Computer Weekly has been banging the drum for full-fibre broadband for several years. We’ve been critical of BT for its reticence and reluctance to embrace fibre to the premises (FTTP) as the future for the UK’s digital infrastructure.
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BT would often tell us that FTTP is not needed. That the demand simply isn’t there. Other technologies based on existing copper cabling are more than adequate for years to come. Rival providers like Sky and TalkTalk are simply playing PR games when they call for BT to be forced to build a fully fibred broadband Britain.
We also supported calls for Openreach – BT’s local infrastructure arm – to be separated from the mothership to encourage competition and create a regulatory environment focused on building FTTP. But BT told us that Openreach simply wouldn’t be able to make the necessary investment without BT Retail as its core in-house partner to drive demand. Those pesky rivals couldn’t be relied upon.
So we’ll try not to be churlish this week, and instead congratulate Openreach, newly separated from its parent company, in announcing a consultation with the industry on rolling out full-fibre broadband.
This is the new regulatory environment and the newly structured Openreach working the way everyone said it should. It’s BT bowing, finally, to the inevitable and starting its way towards FTTP for all. It’s several years too late, but hey, better now than later.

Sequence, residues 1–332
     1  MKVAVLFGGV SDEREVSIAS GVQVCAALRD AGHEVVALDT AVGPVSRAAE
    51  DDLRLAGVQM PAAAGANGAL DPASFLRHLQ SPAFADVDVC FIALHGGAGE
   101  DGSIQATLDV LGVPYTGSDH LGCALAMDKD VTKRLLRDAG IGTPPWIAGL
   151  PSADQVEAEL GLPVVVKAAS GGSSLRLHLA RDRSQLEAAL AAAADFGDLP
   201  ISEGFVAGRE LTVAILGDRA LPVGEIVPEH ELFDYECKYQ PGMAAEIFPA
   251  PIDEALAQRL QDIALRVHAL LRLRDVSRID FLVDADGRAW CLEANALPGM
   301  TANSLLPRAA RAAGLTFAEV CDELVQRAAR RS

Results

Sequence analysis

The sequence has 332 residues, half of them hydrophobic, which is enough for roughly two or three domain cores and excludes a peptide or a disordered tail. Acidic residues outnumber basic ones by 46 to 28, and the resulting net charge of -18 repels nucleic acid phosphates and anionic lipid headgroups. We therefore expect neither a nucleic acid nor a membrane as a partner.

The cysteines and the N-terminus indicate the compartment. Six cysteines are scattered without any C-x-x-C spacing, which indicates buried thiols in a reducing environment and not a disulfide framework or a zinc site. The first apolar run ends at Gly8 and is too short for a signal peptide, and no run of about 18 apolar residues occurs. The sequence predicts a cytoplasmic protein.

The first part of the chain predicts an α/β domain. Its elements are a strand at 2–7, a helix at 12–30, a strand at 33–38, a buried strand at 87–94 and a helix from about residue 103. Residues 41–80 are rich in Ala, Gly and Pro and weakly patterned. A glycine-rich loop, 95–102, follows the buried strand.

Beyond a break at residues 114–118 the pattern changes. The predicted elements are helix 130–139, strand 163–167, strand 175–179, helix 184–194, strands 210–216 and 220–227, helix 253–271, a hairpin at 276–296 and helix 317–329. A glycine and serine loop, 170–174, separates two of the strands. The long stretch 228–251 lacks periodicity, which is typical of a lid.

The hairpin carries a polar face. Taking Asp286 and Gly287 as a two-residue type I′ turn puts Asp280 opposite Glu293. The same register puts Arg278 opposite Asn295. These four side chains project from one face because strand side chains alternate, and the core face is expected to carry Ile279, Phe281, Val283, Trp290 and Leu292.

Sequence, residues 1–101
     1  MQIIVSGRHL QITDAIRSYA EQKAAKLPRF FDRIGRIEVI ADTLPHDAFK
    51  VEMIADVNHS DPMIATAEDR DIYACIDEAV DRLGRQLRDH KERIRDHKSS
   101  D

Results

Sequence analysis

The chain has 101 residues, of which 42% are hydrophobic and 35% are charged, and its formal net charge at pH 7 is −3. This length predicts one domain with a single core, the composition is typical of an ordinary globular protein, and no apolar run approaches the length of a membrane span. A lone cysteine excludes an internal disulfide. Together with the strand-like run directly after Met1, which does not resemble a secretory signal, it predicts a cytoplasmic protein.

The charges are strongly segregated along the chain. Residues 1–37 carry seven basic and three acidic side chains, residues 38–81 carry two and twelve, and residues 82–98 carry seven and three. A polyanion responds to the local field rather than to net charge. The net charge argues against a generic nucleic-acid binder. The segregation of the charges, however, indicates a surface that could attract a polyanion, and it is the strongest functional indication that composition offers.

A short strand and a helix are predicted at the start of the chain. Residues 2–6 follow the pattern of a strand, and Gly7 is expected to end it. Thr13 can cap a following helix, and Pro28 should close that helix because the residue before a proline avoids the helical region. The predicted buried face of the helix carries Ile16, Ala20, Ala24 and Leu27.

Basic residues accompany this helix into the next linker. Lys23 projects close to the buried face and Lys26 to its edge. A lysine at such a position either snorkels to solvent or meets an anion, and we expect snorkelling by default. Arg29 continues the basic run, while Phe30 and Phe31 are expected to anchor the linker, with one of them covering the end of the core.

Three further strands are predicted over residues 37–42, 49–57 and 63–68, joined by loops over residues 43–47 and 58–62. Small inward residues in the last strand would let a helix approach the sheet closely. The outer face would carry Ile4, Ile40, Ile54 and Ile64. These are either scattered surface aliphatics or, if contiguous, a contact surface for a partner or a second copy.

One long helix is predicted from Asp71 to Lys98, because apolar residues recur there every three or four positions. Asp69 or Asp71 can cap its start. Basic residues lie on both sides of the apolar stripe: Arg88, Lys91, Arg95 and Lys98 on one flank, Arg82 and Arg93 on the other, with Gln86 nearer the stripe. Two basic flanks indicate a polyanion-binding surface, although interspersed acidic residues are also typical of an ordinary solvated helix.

Of course, it’s taken a change of rhetoric from the government, which now promotes the idea of full-fibre after years of supporting the BT line that fibre to the cabinet (FTTC) is all that matters. And it’s taken the market to send out strong signals that everyone else sees FTTP as the way forward – witness BT rival Gigaclear securing £111m in equity funding earlier this month to support its fibre roll-out that includes many of the rural areas BT deemed uneconomic even for FTTC.
We wouldn’t want to suggest either, that BT’s plunging share price, £528m accounting scandal at its Italian subsidiary, £300m restructuring, 4,000 job losses, £42m fine from Ofcom over Ethernet installations, or the associated £300m in compensation payments, had anything to do with the need for some positive news.
No – the important thing here is simply that we’re getting there, at last. If the UK digital economy wants to be competitive as we leave the EU, we need world-class, world-leading infrastructure as a key incentive to attract companies to invest in this country. For all our sakes, as well as theirs, let’s hope BT gets us there in time.